Review by Thom Jurek
With 2007's Theory of Machines, composer Ben Frost combined academically constructed electro-acoustic music, doom metal, post-rock drones, and minimal classical touches with strings and piano. It was a difficult yet clearly intoxicating listening experience. The melding of clinical technology and human elements -- i.e., real instruments -- as a way of bringing the listener in made it nearly unbearable, but so utterly original that it compelled one to engage it. The only act close to this was Coil at their early best. By the Throat is, if anything, even more so, though the manner of construction is very different -- even if many of the same elements are used. This time the approach -- which is clear by the title and the pack of wolves in a snowstorm on the cover -- is in reverse. On By the Throat he uses far more organic textures as a base, whether they be from animal or human worlds, layering electronics and other effects atop them. There are real melodies at work in most of these pieces, and because there are, when harsh industrial noise, metallic guitars, and the sounds of wolves themselves are placed atop gentle ambient drones, strings, piano, dulcimers, and other acoustic instruments, the effect is simply nail-bitingly harrowing. Take the opening track, "Killshot." Minimal synth textures establish a skeletal melodic pattern for 30 seconds before a wave of gated -- and harsh -- sonic waves overshadow them completely for a few moments, and then they poke through over and again. It's like a Philip Glass-styled melodic fragment that refuses to die no matter what is placed on top of it. Dulcimer touches and a piano slip in and out melismatically, but amid the gargantuan swells of noise, it becomes creepy; disturbing but beautiful.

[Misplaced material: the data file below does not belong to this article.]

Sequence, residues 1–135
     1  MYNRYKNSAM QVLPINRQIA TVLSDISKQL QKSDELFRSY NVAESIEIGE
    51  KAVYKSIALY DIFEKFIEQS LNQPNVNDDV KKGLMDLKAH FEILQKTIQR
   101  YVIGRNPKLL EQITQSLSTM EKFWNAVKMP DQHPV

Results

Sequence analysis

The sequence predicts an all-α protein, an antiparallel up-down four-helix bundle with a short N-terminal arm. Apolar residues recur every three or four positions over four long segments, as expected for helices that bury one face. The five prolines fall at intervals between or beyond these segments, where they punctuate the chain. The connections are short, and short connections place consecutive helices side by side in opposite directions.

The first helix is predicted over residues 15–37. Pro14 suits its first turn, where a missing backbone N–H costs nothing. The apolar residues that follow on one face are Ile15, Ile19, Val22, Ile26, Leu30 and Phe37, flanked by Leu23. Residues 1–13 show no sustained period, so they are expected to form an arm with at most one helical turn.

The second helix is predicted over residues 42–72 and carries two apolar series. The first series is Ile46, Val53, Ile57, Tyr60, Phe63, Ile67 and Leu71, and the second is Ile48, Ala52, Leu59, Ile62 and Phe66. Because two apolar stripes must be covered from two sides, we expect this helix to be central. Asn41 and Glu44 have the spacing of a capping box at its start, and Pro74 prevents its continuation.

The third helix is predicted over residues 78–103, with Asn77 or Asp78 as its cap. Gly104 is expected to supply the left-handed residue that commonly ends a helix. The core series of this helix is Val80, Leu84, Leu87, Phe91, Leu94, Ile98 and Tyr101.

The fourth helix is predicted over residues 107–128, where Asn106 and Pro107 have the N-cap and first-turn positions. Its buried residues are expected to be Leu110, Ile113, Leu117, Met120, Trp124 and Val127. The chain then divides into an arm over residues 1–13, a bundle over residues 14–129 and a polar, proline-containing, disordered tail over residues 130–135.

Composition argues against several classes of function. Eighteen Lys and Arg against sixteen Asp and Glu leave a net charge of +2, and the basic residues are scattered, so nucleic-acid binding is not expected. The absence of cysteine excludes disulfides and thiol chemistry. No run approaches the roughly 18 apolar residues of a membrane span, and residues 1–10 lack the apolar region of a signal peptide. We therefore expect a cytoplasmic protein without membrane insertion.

"The Carpathians" greets us with the sounds of the wolves; their voices, snarls, growls, and howls have been edited and perhaps blended with the sounds of other animals. But in the low-register piano chords, discordant strings, and ambient drones, there is something so inherently foreboding here that the music is almost scary. On "O God Help Me," the medically assisted breathing sounds accompanying a heart monitor tone are annotated with some slowly thudding percussion amid a minimal synth melody, and add to the feeling of dread. "Hibakusja" has been presented in a number of mixes previously, and is both the longest and most compositionally sophisticated piece here -- and to be truthful, it is gorgeous in its melancholy gracefulness (though it too has hidden surprises). Labelmates Valgeir Sigur?sson and Sam Amidon and composer Nico Muhly all appear here, as do the strings of Amiina. Lawrence English and even Arcade Fire's Jeremy Gara also appear to aid Frost on this obsessively compelling, captivating, and often frightening creative and original odyssey into a world both natural and synthetic. Most of us would rather not think about what it evokes, let alone travel there emotionally. Yet this is what makes By the Throat so special and, yes, at times even sublime. Like a great horror film where one wants desperately to look away but cannot, it attracts and repels so convincingly that one must listen to it over and again in order to uncover its many -- often terrible -- secrets.